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How to Use the WPDB Class in PHP

A Comprehensive Guide

WordPress is renowned for its easy-to-use interface and a plethora of features that make it an ideal content management system. It has also evolved to offer much more than a blogging platform, and today it powers a large chunk of the internet’s websites. Part of this growth can be attributed to the extendability of WordPress through the use of themes and plugins.

The WPDB class is a set of PHP classes provided by WordPress to interact with and manipulate the database. It’s an essential tool for developers who wish to create, read, update, or delete data from the WordPress database in their plugins or themes.

This blog post is a comprehensive guide to using the WPDB class in PHP.

Getting Started

The WPDB class is automatically included in the WordPress core, which means there’s no need to include it manually in your script. You can use the global $wpdb object, which is an instance of the WPDB class.

phpCopy codeglobal $wpdb;

With this object, you can now access all the methods and variables that the WPDB class provides.

Basic CRUD Operations

CRUD stands for Create, Read, Update, and Delete – these are the fundamental operations that you can perform on a database.


To insert data into a table, you can use the insert() method. Here’s how you would insert data into a custom table:

phpCopy code$wpdb->insert('table_name', array(
    'column1' => 'value1',
    'column2' => 'value2'


To fetch data from a table, you can use several methods. The get_results() method is probably the most common one. Here is how you would get all rows from a custom table:

phpCopy code$results = $wpdb->get_results("SELECT * FROM table_name");


Updating data in a table is also straightforward. You can use the update() method. Here’s an example:

phpCopy code$wpdb->update('table_name', array(
    'column1' => 'new_value1' // String or integer
), array(
    'ID' => 1


Deleting data from a table can be achieved using the delete() method. Here is how you would delete a row from a custom table:

phpCopy code$wpdb->delete('table_name', array(
    'ID' => 1

Securing Queries

It’s crucial to always secure your queries to prevent SQL injection attacks. The WPDB class provides several ways to achieve this.

The simplest method is using placeholders in your SQL queries. You use the %s placeholder for strings, %d for integers, and %f for floats.

phpCopy code$sql = $wpdb->prepare("SELECT * FROM table_name WHERE id = %d", $id);
$results = $wpdb->get_results($sql);

In this example, the %d placeholder is replaced with the value of $id and it will be treated as an integer.


Lastly, if you need to debug your queries, WordPress provides a method for that as well. You can use $wpdb->last_query to see the last query that was sent to the database, $wpdb->last_error to see the last error that occurred, and $wpdb->show_errors() to display all SQL errors.

Advanced Usage of WPDB

Using Meta Queries

WordPress’s WPDB class also supports meta queries, which are incredibly handy when dealing with complex search filters.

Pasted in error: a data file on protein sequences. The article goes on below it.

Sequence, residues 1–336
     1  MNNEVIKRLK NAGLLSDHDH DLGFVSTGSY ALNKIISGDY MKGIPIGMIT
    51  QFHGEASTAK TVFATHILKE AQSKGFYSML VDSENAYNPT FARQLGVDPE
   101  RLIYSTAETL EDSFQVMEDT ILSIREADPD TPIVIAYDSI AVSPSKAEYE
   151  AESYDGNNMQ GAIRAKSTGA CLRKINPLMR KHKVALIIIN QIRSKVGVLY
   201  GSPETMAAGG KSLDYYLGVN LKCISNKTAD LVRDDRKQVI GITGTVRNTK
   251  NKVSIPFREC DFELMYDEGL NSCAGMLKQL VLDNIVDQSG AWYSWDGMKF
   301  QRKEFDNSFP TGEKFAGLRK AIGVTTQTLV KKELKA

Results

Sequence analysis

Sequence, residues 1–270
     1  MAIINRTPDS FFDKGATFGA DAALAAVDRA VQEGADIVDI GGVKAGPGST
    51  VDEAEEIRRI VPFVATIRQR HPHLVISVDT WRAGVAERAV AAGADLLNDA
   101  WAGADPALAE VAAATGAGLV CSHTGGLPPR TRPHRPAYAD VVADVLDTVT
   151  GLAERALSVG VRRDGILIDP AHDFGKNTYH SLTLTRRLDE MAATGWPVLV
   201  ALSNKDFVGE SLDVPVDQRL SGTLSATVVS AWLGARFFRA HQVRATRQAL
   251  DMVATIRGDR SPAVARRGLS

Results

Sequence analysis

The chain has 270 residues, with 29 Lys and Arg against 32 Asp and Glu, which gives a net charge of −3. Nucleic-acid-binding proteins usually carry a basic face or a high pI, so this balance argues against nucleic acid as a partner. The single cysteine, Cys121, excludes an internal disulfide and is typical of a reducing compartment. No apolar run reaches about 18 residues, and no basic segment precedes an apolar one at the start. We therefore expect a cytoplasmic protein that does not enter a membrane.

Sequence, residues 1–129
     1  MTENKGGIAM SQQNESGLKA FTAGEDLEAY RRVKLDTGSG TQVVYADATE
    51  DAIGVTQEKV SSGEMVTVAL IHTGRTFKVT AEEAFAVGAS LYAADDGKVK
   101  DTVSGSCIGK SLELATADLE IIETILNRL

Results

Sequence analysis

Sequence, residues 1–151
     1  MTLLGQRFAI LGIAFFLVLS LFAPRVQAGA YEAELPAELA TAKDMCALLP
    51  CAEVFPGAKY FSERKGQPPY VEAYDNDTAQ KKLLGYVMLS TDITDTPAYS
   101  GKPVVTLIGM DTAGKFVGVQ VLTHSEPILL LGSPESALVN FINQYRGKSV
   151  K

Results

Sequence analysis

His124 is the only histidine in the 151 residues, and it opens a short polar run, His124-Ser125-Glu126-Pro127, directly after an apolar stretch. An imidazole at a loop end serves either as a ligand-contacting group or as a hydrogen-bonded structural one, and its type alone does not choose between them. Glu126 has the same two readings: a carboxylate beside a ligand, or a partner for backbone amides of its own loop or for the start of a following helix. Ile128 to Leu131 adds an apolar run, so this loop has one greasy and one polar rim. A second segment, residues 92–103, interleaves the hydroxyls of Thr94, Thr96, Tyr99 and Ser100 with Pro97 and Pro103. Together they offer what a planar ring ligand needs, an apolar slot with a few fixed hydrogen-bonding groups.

Here’s an example of using a meta query:

phpCopy code$args = array(
    'meta_query' => array(
            'key' => 'color',
            'value' => 'blue',
            'compare' => '='

$query = new WP_Query($args);

In this example, we are querying all posts where the ‘color’ metadata is ‘blue’.

Custom Queries

While the WPDB class offers a wide range of methods for common operations, there may be occasions when you need to write a custom SQL query. The query() method allows you to execute any SQL query.

phpCopy code$wpdb->query("
    DELETE FROM table_name 
    WHERE column1 = 'value'

The query() method is a lower-level method and does not provide the level of abstraction or security that other methods do. Therefore, it should be used sparingly and carefully.

Paginating Results

When dealing with large amounts of data, it’s often helpful to paginate the results. You can use the get_var() method to fetch the total number of rows and then calculate the number of pages.

phpCopy code$total_rows = $wpdb->get_var("SELECT COUNT(*) FROM table_name");
$items_per_page = 20;
$total_pages = ceil($total_rows / $items_per_page);

Caching Queries

WordPress provides a caching mechanism that can help improve the performance of your database queries. This is especially helpful when you have expensive queries that don’t change very often. WordPress uses a technique called “object caching” to store database query results which you can utilize by calling wp_cache_set() and wp_cache_get().

phpCopy code$cache_key = 'my_custom_query';
$results = wp_cache_get($cache_key);

if ($results === false) {
    $results = $wpdb->get_results("SELECT * FROM table_name");
    wp_cache_set($cache_key, $results);

In this example, the results of the query are cached under the key ‘my_custom_query’. The next time this code is run, it will first try to get the results from the cache. If the results are not in the cache, it will run the query and then store the results in the cache.


We’ve explored the advanced features of the WPDB class, including writing custom queries, handling meta queries, paginating results, and leveraging WordPress’s caching mechanisms to speed up our queries.

The WPDB class is a powerful tool in any WordPress developer’s toolkit. With a bit of practice, you’ll be able to create more efficient and safer database interactions for your WordPress themes and plugins. As always, ensure your queries are safe and your data is secure.

Remember, powerful tools require responsible use. Use the WPDB class wisely, always double-check your SQL, and your WordPress site will continue to run smoothly and securely. Happy coding!